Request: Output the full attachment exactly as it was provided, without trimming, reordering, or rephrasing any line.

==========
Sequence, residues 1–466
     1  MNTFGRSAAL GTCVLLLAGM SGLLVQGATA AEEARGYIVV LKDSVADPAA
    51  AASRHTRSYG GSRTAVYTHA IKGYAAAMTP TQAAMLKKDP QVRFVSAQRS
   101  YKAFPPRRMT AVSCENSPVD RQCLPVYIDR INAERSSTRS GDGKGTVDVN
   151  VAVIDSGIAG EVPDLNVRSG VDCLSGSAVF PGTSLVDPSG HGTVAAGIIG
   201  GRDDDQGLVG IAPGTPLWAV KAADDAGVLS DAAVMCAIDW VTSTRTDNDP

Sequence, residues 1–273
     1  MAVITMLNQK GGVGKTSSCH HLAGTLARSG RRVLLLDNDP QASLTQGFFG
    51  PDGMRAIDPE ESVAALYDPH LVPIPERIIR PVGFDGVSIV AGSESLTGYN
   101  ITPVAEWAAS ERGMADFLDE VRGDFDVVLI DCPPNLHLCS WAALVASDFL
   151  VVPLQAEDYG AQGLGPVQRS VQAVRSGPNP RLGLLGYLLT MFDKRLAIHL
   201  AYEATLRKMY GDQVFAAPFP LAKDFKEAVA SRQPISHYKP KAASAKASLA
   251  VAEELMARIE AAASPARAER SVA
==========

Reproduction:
Sequence, residues 1–466
     1  MNTFGRSAAL GTCVLLLAGM SGLLVQGATA AEEARGYIVV LKDSVADPAA
    51  AASRHTRSYG GSRTAVYTHA IKGYAAAMTP TQAAMLKKDP QVRFVSAQRS
   101  YKAFPPRRMT AVSCENSPVD RQCLPVYIDR INAERSSTRS GDGKGTVDVN
   151  VAVIDSGIAG EVPDLNVRSG VDCLSGSAVF PGTSLVDPSG HGTVAAGIIG
   201  GRDDDQGLVG IAPGTPLWAV KAADDAGVLS DAAVMCAIDW VTSTRTDNDP

Sequence, residues 1–273
     1  MAVITMLNQK GGVGKTSSCH HLAGTLARSG RRVLLLDNDP QASLTQGFFG
    51  PDGMRAIDPE ESVAALYDPH LVPIPERIIR PVGFDGVSIV AGSESLTGYN
   101  ITPVAEWAAS ERGMADFLDE VRGDFDVVLI DCPPNLHLCS WAALVASDFL
   151  VVPLQAEDYG AQGLGPVQRS VQAVRSGPNP RLGLLGYLLT MFDKRLAIHL
   201  AYEATLRKMY GDQVFAAPFP LAKDFKEAVA SRQPISHYKP KAASAKASLA
   251  VAEELMARIE AAASPARAER SVA